It scares me that someone who I believed was one of the good guys could fool me so badly and turn out to be so damn shady.

It makes me wonder: "Who can we really trust?"

And it reaffirms my long-held belief that, when it comes to questions of sex and money, it's best to assume that folks are lying.

Miller's turn on the witness stand raises questions that transcend even this seemingly interminable trial. And I believe Detroit's survival may depend on our answers to the following questions:

-- Should loyalty to a friend override doing what's right?

-- Is it ever acceptable to snitch to save your own skin?

-- Is there honor among thieves?

A FRIEND IN NEED

There are few qualities more noble than loyalty. If you have one friend you can count on, you're richer than someone with dozens of friends who are only around for the good times.

But someone worthy of your loyalty would never expect -- let alone ask -- you to condone something that is wrong.

Far too often, people who do bad things try, when all else fails, to invoke loyalty to get a pass.

But friends don't ask friends to compromise their principles -- or jeopardize their job -- to cover for them.

Besides, a real friend asks for your guidance and counsel BEFORE doing something they think may be sketchy. If a real friend gets in too deep, they ask for your help making things right BEFORE they get caught. A real friend may ask for your help, but they don't want to drag you down with them.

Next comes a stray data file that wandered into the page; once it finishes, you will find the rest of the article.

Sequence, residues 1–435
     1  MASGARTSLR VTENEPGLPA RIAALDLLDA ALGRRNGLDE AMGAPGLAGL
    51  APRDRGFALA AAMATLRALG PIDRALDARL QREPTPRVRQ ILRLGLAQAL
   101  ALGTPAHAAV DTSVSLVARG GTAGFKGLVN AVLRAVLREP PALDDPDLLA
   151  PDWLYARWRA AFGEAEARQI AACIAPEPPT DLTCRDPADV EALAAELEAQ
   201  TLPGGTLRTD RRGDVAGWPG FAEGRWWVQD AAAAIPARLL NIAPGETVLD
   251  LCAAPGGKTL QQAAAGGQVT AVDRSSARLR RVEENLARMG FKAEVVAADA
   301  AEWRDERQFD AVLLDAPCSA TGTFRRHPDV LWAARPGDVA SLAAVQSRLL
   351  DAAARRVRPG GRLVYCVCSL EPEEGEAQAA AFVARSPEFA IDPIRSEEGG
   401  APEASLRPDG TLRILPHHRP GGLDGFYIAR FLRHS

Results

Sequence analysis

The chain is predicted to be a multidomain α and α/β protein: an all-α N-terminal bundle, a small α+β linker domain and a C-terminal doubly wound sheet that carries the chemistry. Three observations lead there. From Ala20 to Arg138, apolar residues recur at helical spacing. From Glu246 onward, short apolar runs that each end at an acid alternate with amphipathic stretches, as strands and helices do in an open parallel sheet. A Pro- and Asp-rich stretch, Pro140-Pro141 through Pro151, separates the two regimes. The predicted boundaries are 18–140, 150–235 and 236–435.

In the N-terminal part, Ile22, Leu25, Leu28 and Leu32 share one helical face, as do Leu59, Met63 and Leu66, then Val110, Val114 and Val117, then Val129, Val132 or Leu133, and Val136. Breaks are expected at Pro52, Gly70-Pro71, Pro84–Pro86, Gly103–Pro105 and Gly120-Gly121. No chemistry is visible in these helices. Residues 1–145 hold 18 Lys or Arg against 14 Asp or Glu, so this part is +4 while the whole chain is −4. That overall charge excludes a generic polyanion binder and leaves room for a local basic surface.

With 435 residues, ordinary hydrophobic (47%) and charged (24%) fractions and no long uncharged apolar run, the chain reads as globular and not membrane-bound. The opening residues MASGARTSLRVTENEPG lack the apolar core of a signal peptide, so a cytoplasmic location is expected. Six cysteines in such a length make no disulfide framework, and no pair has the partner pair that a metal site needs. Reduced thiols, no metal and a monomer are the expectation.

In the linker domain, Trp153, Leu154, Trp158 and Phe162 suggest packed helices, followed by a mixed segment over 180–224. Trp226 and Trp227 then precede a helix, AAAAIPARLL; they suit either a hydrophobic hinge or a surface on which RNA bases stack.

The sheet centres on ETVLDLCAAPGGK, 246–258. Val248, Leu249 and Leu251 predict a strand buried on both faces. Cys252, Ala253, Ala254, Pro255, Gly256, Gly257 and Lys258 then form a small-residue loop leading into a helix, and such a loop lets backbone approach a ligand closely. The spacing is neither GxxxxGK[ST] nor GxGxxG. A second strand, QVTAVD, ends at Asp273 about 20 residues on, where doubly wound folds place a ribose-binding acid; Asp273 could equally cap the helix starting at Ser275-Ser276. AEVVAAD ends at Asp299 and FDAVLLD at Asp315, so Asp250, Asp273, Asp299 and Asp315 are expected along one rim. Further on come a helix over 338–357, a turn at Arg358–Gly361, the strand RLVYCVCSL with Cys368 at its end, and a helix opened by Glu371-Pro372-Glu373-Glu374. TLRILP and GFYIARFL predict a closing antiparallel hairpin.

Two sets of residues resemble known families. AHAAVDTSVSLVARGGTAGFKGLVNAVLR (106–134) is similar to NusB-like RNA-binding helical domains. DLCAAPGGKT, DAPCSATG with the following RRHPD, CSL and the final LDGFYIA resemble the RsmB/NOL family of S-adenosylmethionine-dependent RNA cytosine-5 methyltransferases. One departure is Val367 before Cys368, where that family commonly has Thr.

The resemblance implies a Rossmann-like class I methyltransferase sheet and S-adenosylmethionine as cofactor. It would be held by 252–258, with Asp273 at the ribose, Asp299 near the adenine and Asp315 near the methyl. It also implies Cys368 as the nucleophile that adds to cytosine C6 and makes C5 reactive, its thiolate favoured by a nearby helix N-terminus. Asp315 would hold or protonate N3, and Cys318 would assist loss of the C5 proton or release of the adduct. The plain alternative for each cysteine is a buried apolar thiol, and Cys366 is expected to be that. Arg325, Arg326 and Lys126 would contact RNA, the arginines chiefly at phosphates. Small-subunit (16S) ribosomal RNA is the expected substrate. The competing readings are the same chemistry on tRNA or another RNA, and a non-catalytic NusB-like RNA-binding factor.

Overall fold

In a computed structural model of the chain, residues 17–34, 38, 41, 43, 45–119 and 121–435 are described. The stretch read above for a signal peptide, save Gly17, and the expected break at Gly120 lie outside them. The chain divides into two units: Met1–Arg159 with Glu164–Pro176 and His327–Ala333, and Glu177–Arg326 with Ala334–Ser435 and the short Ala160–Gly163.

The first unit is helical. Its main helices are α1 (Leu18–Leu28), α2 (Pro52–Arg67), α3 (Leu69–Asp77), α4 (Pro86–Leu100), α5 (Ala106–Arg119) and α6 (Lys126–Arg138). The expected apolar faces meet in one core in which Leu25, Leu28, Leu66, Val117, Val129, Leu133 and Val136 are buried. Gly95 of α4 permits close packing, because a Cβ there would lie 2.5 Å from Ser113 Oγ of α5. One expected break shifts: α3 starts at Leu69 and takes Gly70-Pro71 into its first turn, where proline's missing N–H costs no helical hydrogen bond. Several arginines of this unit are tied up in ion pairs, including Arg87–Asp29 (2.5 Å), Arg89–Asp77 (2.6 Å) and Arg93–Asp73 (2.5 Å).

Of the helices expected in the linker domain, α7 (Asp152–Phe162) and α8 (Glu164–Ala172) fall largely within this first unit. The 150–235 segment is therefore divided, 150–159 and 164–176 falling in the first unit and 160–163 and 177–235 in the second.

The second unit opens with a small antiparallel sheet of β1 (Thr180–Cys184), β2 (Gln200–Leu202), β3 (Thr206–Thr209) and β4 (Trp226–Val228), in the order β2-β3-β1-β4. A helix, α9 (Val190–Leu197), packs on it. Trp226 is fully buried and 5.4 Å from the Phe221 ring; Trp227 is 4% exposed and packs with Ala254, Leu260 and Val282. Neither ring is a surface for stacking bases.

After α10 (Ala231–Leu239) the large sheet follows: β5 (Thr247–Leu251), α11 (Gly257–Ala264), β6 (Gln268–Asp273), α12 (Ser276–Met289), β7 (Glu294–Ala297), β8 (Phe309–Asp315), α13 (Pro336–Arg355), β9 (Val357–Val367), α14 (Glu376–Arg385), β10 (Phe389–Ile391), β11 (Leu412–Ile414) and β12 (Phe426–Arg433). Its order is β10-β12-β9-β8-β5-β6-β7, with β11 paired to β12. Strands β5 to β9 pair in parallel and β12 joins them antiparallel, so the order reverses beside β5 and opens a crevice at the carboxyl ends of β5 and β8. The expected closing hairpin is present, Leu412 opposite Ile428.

A real friend asks you to help make things right, not to help make a clean getaway.

And, as a real friend, your obligation is to forgive your friend and support them when they are ready to make amends, not alibis.

CODE OF SILENCE

The dynamic changes a bit when you're involved in the wrongdoing.

Detroit is one of many places where people look down on so-called snitches -- folks who agree to tell what they know in return for lesser consequences.

A few years ago Charles Beckham, who some believe went to prison to protect Mayor Coleman Young, told me he advised a member of the Kilpatrick administration not to cooperate with the federal probe of city hall. It's worth a couple years of your life to be able to move freely in the community as a "stand-up" guy, he argued.

Expediency is never a good basis on which to make a decision. In fact, it's the quick buck or the seemingly easy option that often gets people in trouble to begin with.